The Naked Truth: Not Me, Thank You


June 27, 1993|By ELISE ARMACOST

Bill and Fran Pacer are encouraging me to bare a lot more than my soul next week, when nudists from all across America converge on Crownsville for the fifth annual "Nude Olym-picks."

Mr. Pacer, the Olym-picks PR man who signs his press releases, "Naked as day one," tells me I am cordially invited to attend. Indeed, I am cordially invited to strip down and savor the full Olym-pick experience.

"You can come on a day when cameras aren't allowed," he says (we are talking on the telephone; he tells me he is nude as we speak). "No one will hear about it from us."

My editor thinks this is a great idea.

I think he will see Gibson Island throw open the gates to visitors before I am caught covering the Nude Olym-picks in the buff.

You may have heard of the Olym-picks. In 1991 and 1992, they were held in Darlington, a Harford County farm town in the middle of nowhere. Reporters came all the way from Japan and Germany to observe 1,000 naked people playing tennis (!), Twister (!!) and a variety of other nude fun and games. It was the most excitement Darlington's had since . . . well, it was the most excitement Darlington's had.

Alas, Darlington's 15 minutes of fame have come and gone to the Pine Tree Family Nudist Park on Hawkins Road, near Crownsville State Hospital. "We decided it would be a lot more fun to have [the Olym-picks] at a real, live nudist park," Mr. Pacer explains.

Save for an occasional newspaper feature, "naturists" have been cavorting at Pine Tree virtually unnoticed for years. Indeed, here in the newsroom we tend to forget the place exists until one of the Pacers' entertaining news releases rolls across our fax machine. Earlier this month, for example, we received this gem: "NUDIST PARK WELCOMES WOMEN: 'BACHELORETTES IN THE BUFF DAY.' "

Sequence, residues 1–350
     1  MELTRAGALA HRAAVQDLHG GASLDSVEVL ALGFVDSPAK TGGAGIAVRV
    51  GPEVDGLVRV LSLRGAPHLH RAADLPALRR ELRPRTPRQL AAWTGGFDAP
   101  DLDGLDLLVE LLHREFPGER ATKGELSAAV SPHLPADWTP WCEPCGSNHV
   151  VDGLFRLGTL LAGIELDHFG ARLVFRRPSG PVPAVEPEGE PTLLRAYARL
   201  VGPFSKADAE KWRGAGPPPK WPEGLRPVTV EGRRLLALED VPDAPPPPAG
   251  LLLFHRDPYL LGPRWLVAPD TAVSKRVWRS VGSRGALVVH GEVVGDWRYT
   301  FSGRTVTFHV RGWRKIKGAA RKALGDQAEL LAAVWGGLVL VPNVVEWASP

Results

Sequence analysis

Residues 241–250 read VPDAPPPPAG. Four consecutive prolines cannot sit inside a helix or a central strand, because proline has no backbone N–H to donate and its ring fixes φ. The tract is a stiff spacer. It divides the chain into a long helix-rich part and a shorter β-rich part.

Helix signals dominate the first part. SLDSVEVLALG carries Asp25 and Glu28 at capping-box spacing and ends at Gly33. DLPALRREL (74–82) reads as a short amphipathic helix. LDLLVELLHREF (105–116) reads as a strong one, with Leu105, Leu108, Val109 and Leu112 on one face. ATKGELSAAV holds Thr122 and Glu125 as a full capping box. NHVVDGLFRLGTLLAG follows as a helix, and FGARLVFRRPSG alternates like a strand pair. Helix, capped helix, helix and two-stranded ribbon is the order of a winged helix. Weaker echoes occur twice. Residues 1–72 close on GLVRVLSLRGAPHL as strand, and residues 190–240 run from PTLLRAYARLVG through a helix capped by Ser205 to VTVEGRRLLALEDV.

"Bachelorettes in the Buff Day" was June 19, an event designed by Mrs. Pacer, chairwoman of the Pine Tree Women's Committee, to introduce novice female nudists to the joys of the clothes-free life -- less laundry, fewer hang-ups about your body, a nice all-over tan.

"As we sit around the buffet lunch," the release quoted Mrs. Pacer, "the women will discover the vast difference between nudity and sexuality. Nudity is the lack of attire; sexuality is a state of mind."

As a woman who has never sat around a buffet lunch without her clothes, I couldn't help wondering: What kind of women are these who will be munching tea sandwiches and sipping lemonade without theirs?

So I called, told Mrs. Pacer I was thinking of writing a column and that I'd like to come -- clothed. She was all for the idea, but said she'd have to check with the rest of the women's committee.

Their verdict came down a couple of days later: No go. Novice nudists are uncomfortable enough, they said, without a reporter in their midst.

Before disappointment could set in, the Pacers assured me that an even better opportunity to learn about the nude lifestyle was coming July 8 through 11: the Nude Olym-picks, sponsored by the Tri-State Sun Club, the nation's leading nudist group. In addition to the aforementioned games and sports, I am told there will be classes for newcomers on how to dare to be bare, with tips such as how to converse with a nude person.

"It's no different than talking to a person with clothes on," Mrs. Pacer explains. "You look at their face. If I have clothes on and you're staring at my breasts I'm going to feel just as uncomfortable as if I'm naked and you're staring at them."

Once the classes are over, novices can shed their clothes and stay at the Olym-picks or go home. No oglers allowed, Mr. Pacer says. I have yet to meet the Pacers in the flesh, so to speak, but they sound like a fun couple. He's 43, a dispatcher for the Maryland Shock Trauma Center who learned that clothes-free is stress-free after a trip to the French Riviera 20 years ago. She's 40, an account manager for a tax-filing firm. They live in Randallstown with their three kids, ages 6, 5 and 2.

"We're nude when it's appropriate," Mr. Pacer says, which means when they're at home, entertaining fellow nudists or at Pine Tree.

I have a post card of our local nudist park, sent to me by a Sun reporter who wrote a story about it several years ago. There's a big kidney-shaped swimming pool in the foreground and a tennis court just beyond it. The photo is shot discreetly from a distance, but you don't need a magnifying glass to see that everyone in the picture -- the lifeguards, the sunbathers, the tennis players -- is "naked as day one," to borrow Mr. Pacer's phrase.

Mrs. Pacer feels it's only fair to warn me, "If you go to a place like this, where everybody else is naked and you're the only one with clothes on, you're going to feel awfully strange." Perhaps. But I think I'll take my chances.

I never have tanned very well, anyway.

Elise Armacost is The Baltimore Sun's editorial writer in Anne Arundel County.

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